I am Joannes Vermorel, founder at Lokad. I am also an engineer from the Corps des Mines who initially graduated from the ENS.

I have been passionate about computer science, software matters and data mining for almost two decades. (RSS - ATOM)


Terabyte blocks for Bitcoin Cash

Terabyte blocks are feasible both technically and economically, they will allow over 50 transactions per human on earth per day for a cost of less than 1/10th of a cent of USD. This analysis assumes no further decrease in hardware costs, and no further software breakthrough, only assembling existing, proven technologies.


As pointed out in the original Bitcoin whitepaper, achieving very large blocks do require taking advantage of Moore's Law rather than being stuck with fixed-capacity device. A terabyte block represents a block of 1e12 bytes, which can contain about 4 billion Bitcoin transactions. Assuming a worldwide population of 10 billion humans, terabyte blocks offer about 50 transactions per human per day (57 actually, but the extra numerical precision is not significant).

50 transactions per day per human appears sufficient to cover all human-driven activities; and only a healthy machine-to-machine market would require an even greater number of transactions. Such a market remains hypothetical at present time, and goes beyond the scope of this post.

Bigger blocks is the go-to plan to make the most of the hashing power invested in the Bitcoin network. Indeed, the hashing power provides the same security no matter if 1MB blocks or 1TB blocks are used, yet in the later case, the each transaction is secured with a million times less energy per transaction.

The on-chain scalability challenge is irrelevant for Bitcoin Core, as blocks are capped at 1MB which ensures no more than half a dozen of transactions per second. However, terabyte blocks are relevant for Bitcoin Cash, which could face about 7 millions transactions per second while producing terabyte blocks. In the following for the sake of concision, the term Bitcoin is always referring to Bitcoin Cash.

The mining rig detailed below, a combination of existing and proven hardware and software technologies, delivers the data processing capacity to process terabyte blocks. The cost associated to this mining rig is also sufficiently low to ensure a healthy decentralized market that includes hundreds of independent miners; arguably a more decentralized market than Bitcoin mining as of today.

For the sake of the scalability analysis, I am excluding the Bitcoin emission revenues, focusing only on the transaction fees and other alternative revenue streams which do not depend on Bitcoin inflation. Naturally, for the next decades, the bulk of the mining revenues are expected to be associated with the emission of Bitcoins rather than transaction fees.

A terabyte block mining rig

The mining rig includes 256 nodes, where each node includes:

  • 1 Intel Xeon Processor E7, 8 cores (USD 1250)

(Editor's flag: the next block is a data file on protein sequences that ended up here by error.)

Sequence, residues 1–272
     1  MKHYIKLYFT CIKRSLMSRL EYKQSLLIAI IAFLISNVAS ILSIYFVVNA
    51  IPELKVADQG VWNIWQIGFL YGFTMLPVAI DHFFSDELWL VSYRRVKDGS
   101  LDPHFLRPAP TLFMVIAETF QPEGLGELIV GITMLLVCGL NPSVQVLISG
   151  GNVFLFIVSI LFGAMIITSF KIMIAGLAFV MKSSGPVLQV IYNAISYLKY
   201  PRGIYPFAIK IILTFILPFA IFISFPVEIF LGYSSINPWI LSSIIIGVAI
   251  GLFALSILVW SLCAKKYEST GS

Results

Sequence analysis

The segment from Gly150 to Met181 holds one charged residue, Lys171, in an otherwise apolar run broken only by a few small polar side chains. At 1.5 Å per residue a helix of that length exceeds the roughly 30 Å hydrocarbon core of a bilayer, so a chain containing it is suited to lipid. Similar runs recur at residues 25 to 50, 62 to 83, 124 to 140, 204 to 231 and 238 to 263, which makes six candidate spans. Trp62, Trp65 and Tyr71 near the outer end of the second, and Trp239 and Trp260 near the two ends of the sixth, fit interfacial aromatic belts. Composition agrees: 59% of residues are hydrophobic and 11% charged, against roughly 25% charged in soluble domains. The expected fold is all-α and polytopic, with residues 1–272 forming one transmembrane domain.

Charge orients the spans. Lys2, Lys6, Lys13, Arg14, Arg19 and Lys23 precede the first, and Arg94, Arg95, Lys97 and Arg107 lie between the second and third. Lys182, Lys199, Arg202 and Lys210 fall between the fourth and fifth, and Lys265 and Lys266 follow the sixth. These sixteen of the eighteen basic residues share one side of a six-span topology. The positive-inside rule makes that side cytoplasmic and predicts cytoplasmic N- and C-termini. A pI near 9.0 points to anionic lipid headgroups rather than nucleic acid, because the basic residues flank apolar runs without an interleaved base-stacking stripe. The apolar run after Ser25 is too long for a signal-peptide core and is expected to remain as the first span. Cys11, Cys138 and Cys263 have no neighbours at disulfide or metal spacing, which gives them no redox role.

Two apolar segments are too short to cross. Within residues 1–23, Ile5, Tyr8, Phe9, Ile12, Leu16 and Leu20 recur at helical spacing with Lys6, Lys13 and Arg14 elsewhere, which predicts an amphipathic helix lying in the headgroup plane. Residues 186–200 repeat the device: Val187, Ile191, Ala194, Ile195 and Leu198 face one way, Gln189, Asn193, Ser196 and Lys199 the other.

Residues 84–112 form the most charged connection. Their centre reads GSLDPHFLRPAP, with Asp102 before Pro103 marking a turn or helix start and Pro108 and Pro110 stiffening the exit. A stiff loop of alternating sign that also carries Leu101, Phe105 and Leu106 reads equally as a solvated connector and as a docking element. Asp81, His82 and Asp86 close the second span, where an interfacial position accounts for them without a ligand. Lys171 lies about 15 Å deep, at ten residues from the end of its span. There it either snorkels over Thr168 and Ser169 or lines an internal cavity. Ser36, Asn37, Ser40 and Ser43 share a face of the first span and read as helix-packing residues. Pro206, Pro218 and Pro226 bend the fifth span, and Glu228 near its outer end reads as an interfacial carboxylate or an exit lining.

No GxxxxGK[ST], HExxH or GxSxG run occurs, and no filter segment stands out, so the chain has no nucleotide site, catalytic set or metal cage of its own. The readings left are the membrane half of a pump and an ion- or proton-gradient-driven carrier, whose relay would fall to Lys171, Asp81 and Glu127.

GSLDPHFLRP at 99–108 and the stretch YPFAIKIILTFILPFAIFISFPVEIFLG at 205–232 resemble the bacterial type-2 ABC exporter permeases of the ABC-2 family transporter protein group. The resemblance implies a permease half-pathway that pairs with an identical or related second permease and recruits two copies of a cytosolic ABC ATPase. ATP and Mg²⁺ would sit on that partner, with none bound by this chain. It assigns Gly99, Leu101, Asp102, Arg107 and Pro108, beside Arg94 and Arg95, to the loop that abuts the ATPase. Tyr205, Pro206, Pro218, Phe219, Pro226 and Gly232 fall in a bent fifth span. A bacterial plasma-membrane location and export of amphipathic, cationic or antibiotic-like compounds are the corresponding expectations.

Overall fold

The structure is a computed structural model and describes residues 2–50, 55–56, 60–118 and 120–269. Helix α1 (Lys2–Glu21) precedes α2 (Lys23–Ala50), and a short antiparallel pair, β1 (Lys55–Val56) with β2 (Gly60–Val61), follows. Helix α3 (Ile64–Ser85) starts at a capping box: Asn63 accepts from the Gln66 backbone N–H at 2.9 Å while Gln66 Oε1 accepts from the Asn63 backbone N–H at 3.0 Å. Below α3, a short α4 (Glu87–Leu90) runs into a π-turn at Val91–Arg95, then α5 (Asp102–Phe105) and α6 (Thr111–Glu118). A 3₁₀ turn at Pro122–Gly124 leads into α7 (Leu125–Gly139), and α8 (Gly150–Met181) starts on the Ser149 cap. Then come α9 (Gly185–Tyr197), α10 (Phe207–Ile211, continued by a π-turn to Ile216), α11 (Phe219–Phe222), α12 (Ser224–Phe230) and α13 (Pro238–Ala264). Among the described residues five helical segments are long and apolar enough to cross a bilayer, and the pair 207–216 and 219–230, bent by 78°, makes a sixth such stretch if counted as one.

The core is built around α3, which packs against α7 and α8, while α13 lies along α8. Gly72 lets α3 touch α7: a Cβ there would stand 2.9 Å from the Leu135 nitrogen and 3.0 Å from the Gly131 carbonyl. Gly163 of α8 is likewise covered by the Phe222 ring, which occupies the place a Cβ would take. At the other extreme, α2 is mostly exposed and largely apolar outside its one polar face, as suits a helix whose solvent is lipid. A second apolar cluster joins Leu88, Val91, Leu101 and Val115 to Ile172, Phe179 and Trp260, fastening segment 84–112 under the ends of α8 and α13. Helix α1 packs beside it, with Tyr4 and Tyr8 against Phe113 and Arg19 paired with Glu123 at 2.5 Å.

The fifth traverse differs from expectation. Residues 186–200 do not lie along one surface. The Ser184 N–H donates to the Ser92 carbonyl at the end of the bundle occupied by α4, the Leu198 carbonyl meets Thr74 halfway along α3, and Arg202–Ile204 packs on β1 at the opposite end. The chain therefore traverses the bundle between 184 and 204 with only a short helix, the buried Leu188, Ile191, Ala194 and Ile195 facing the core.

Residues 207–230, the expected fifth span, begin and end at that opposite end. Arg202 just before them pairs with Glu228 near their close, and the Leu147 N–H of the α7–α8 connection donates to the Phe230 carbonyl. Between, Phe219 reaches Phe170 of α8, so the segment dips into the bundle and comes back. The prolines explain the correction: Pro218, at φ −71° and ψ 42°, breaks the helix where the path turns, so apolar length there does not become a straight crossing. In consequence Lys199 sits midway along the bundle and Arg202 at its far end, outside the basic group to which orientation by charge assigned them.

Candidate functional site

• 2 Intel Xeon Phi 7210, 64 cores (USD 4000)
  • 1 Intel Optane 4800X 750GB (USD 3400) 
  • 2 Samsung 64GB PC4-19200 DDR4 (USD1400)
  • 2 WD Red 10TB HDD (USD 750)
  • Misc (rack, power, network) (USD 3000)

The prices have been obtained from public sources such as Amazon. Totaling those 256 nodes gives a price point of 3.5M USD. In addition to the nodes, a storage layer of optical storage based on the Freeze-Ray technology of Panasonic. While the pricing point of this technology is not publicly advertized, various sources are quoting 10 USD/TB as the price point for optical storage. This figure also matches the price point of the optical storage cartridges sold by Sony. Then, Facebook, who has deployed the freeze-ray claims a 80% reduction in energy consumption compared to HDDs. As current 10TB HDDs have a typical consumption of 5W when active, the freeze-ray energy consumption should be about 0.1W per TB. I will be using those two estimates in the following.

In order to cover 20 years worth of terablocks, the storage layer would require 553 free-ray rackable units of 1.9PB, which would represent a cost of 11M USD.

Then, the cost of energy should be accounted for. Each node consumes about 700W/h according to the nominal consumption of its parts, which gives about 180kW/h for the 256 nodes. Also with 0.1W per TB, the storage layer consumes an extra 100kW/h. Assuming a kWh at 0.1 USD, the yearly energy consumption cost would be 250k USD, totaling 5M USD over 20 years.

Finally, a 50Gbps internet connection is added for a price of 25,000 USD per month; which totals at 6M USD over 20 years.

The cost for the mining equipment per se, i.e. computing terahashes is voluntarily ignored, because this hardware can be considered as independently funded through the Bitcoin inflation.

Thus, I am considering here a 26M USD investment, to be amortized over 20 years; that is 1.3M USD/year of funding. At this point, it still needs to be proven that (A) the Bitcoin fee market can sustain such an expensive mining rig (B) this mining rig is capable of processing terabyte blocks.

As it does not make sense to build such a rig if the market cannot reasonably fund it, let's start with the financing part.

Financing terablocks

Assuming 250 bytes per transaction, terabyte blocks would deliver about 55 transactions per human per day, assuming a rough 10 billion humans on earth. The exact count of human is not important, as the cost of the mining rig is essentially linear in the number of transactions, which is also itself essentially linear in the number of humans transacting on the blockchain. If there are less humans using the blockchain, then the mining rig is linearly cheaper.